"We have worlds that end up destroyed," says Walton. "Players can win big but they can also lose big. Our game is all about tension and consequence, not about grinding to level-up to playing some end-game. Our entire game is end-game."
Crafting and economy
"In the past decade, many MMOs have relegated crafting to an ancillary position, preferring the convenience of loot drops for adding to a player's wealth and armory. Loot drops are way easier to control than crafting, especially in a trade and barter economy.
Crowfall encourages players to make use of resources in order to craft items and trade them. So the game is underpinned by an economy based on resource-collection, manufacturing and trade, always tricky things to keep in balance.
It's this aspect of the game, more so than combat or world-building, that takes the most design effort. It's also why many MMOs prefer to dodge overly complex trade dynamics.
"I'm biased, but MMOs are certainly the most difficult of all the sorts of game design I have done," says Koster. "The thing about designing an MMO is that you aren't designing a singular game. It's more like one game for each of the major play-styles, but they all have to interconnect. And I don't mean classes that fit into a combat game. I mean really different play-styles, like the pure social player or the economy manipulator.
"And then you have to design social systems on top of that, sort of like trying to design Facebook and IRC and Mint and more all at the same time. It all interacts and all tangles together, and it's incredibly important not to lose sight of details, because even a small change in any one of those systems can have huge knock-on effects."
The crafting system will allow players enough latitude to experiment and create items that may have value on the market. Players who are time-rich will be able to sell gear to those who prefer to not spend too much time seeking out resources.
This raises the dreaded specter of pay-to-win, but Coleman says it's not so crude. "For one, we are not selling anything to the player. Someone is having to craft those items." Also, there are only some worlds were bought items can be used. Coleman says players have no cause to complain. "It's like moaning about a restaurant in a town you'll never visit, not serving a beer you don't even like," he says.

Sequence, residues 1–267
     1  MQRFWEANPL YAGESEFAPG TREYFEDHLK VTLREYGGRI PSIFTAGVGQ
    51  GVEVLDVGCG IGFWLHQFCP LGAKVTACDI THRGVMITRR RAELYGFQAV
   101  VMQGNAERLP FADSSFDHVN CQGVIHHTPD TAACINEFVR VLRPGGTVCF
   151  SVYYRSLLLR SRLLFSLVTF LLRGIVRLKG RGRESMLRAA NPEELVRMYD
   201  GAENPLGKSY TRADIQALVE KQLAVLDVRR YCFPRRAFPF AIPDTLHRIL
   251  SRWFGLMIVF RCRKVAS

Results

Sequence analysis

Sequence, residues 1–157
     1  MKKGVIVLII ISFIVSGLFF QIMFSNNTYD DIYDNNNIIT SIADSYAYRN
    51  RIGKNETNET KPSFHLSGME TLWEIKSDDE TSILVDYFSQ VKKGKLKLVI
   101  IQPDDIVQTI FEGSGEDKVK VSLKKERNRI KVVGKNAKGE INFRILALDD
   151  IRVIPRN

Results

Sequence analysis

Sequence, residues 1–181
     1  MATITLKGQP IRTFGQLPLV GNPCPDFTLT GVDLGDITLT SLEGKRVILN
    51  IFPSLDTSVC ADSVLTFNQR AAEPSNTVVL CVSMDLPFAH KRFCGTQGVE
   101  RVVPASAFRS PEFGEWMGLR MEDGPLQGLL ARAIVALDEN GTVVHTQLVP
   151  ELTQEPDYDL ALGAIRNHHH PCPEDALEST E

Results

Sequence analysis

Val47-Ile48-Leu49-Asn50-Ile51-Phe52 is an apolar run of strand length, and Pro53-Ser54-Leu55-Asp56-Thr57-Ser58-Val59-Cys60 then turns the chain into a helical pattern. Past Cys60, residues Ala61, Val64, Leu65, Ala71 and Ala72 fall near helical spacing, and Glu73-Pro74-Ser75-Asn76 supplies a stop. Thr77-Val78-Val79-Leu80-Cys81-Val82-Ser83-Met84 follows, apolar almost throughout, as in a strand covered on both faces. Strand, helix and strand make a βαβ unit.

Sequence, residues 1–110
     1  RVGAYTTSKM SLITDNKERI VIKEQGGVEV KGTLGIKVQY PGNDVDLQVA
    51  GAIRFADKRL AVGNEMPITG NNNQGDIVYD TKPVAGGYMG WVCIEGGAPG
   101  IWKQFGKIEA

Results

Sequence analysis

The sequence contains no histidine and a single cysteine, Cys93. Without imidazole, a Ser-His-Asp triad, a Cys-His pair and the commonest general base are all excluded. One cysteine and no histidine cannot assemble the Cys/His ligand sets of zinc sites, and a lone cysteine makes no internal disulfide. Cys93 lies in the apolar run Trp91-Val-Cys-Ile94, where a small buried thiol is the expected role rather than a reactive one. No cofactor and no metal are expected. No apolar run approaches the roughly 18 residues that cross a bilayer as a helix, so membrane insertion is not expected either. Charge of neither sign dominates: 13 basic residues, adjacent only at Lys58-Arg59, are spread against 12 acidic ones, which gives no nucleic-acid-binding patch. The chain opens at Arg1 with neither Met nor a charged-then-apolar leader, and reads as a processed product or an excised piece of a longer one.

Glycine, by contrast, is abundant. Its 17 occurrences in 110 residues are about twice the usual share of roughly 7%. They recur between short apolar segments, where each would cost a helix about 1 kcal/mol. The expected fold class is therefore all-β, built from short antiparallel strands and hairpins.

Seeking the Difference
Making MMOs is difficult in and of itself. This difficulty is exacerbated by the dominance of a small number of games, which tend to define the genre within fairly narrow criteria.
"At some point tissue paper ended up being called Kleenex, as that was the dominant brand," says Walton. "The market is so dominated by WoW, MMO also has come to mean WoW, as it dominates the Western marketplace. We love WoW's success but we believe that MMOs should have a much wider range of expression than the WoW experience delivers.
"Funding entities such as publishers all have big WoW envy, and it has inordinately influenced how MMOs have been made in the last 10 years. This has led to some creative stagnation and a lot of lost investment money. It is now cheaper than ever to build and deploy complex software due to the advancing middleware and commoditization of server and database costs. This combined with the crowdfunding phenomenon opens up the opportunity for small companies like us to challenge the status quo. We're excited about working to moving the MMO medium to a wider palette than the WoW template represents."